She rounded the corner into the kitchen and there was blood, frothing on his mouth, spattered across the wall and pooled like shiny resin flowing out across the vinyl. But worse, the stench of piss blending with the metallic tang of gunpowder and blood. The black-clad police standing guard and holstering weapons.

Sound of running. “Is everyone all right!” Ryan called pushing past the police, followed closely by King's shaggy form. “Holy shit” he exclaimed coming to an abrupt stop before the huge corpse. 
"Yes" said Linda in a daze. Before he could be stopped, King began lapping at the edge of the sticky pool. Linda collapsed into Ryan's arms.

Story inspired by the Fiction Friday response at

Wednesday, September 1, 2010

Love in Spring

Spring is back with budded head flaring
Bare ground aroused with colours soon blaring
Broken stem and close pruned roses
Exploding outward in outrageous poses
Crusted bough under lichen and mould
Softened by green as fresh leaves unfold
Sap running tide-like through stems newly hatched
Blossoms appearing with honey bees attached
Time when young boys grow more gallant inside
And Gals feel a buoyance their faces can’t hide
For great loves begin slowly the way this year’s buds will
From the stems of old roses that are blossoming still

A Date With Cinders (An Elizabethan Style Sonnet)

Get in my car with me, I’ll take you out.
We’ll have a super time till midnight’s chime,
when you should go, you mustn’t hang about.
When you’re half naked there lies six months grime.
We’ll leave the dance and get you back home quick;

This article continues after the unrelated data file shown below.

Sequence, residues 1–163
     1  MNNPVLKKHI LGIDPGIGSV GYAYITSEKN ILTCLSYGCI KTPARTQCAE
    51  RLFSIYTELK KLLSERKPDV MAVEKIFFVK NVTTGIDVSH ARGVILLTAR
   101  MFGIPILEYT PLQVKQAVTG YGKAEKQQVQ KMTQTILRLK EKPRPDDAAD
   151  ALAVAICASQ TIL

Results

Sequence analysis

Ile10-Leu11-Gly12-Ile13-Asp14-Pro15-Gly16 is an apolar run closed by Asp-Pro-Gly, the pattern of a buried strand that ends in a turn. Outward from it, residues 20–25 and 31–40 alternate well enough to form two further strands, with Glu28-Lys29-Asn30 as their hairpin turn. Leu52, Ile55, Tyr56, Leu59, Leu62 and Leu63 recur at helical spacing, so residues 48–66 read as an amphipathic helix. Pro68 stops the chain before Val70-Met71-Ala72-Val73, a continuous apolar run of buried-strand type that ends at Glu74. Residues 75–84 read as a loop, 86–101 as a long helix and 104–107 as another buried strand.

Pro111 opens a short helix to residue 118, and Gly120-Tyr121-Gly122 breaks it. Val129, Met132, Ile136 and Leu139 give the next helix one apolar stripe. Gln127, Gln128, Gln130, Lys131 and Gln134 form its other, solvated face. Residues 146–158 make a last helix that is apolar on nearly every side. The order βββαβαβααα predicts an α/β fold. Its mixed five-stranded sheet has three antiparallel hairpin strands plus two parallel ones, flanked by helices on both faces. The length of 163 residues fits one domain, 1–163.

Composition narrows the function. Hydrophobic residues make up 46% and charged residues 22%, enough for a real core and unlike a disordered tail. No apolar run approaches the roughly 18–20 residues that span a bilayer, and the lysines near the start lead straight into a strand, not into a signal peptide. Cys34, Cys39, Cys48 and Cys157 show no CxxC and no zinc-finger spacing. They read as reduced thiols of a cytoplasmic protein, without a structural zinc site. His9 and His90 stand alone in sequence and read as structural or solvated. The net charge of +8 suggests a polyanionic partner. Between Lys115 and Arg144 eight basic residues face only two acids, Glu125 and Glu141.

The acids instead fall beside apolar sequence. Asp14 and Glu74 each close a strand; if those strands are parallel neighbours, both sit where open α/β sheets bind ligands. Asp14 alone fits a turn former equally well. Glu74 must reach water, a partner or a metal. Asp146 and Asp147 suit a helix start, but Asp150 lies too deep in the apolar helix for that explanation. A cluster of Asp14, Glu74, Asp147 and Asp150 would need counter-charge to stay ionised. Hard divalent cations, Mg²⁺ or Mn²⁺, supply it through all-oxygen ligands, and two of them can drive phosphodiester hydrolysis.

I wouldn’t want step-mum to catch us here.
You know the sight of me will make her sick
Now that the prince’s wedding’s gettin’ near.
Oh Cinders, curse that stupid little fairy
who waved her wand to get you to the ball.
She got you hitched up with that lisping Mary;
A prince or not, he’s got no brains at all.
I’m sorry love to make you feel so bad,
My first love lost, I’ll always be this sad.

Under Stones

Lonely together
In orderly terraces
They commune in silence
Across the discarded slope.
Gravely they ponder the hours
Awaiting visitors who
Arrive in dribbles of conscience
Or just to steal the roses.
Her moss is coating the words
Her lichen has changed
Her middle name
To smith.
His special text
Has succumbed to the decay
Of sixty winters of frost
And is forgotten.
Laying there
Under their bleached stones
A whitewashed memory
Has a name and a life.
They are watching us
Argue with our time
Believing what we do
Is so important.
They can smile
When we forget them
They understand
In a heart beat
We will be them.


While sipping Beach House brutt the other day
I dreamed of mundane things and their beauty
My nefarious past drifted by on clouds
Like boats and bikes and stripy topped bathers
Of splish splashing children’s heavenly smiles.
My father’s picture in fair haired tight curls
hung over the doorway of Gran’s parlour
telling of his childhood just like mine; where
his father told him of his fathers time.
Their history unnerves me, their home is lost.
The wine lowered slowly, shortening the
rise of its bubbles the same way our time
for living is lessened with each passing
of the clock’s hand by twelve. I live in short
bursts of inspiration; champagne foaming
to be consumed by time’s lips, tounge and teeth.
My ancestors rejoice, their bain cast off
as I am swallowed; “fitting end for fools.”
late arrives to break my fearful mood
Its taste reminds me of days yet to live.
Chef’s specials waft into my deep revere
The wine has gone where temporal things go
swelling my stomach with its glowing buzz
because it does that for me when I dive
too deep into the past. I reach for
the strong coffee to quell the allergy 
I have to my history and its faces
like asthma it takes away my breathing
unlike coffee, which hits me as a wish
granted by the genie of the future.

Safe Hands

There it all is, some would say,
The oyster filleted and spread before you,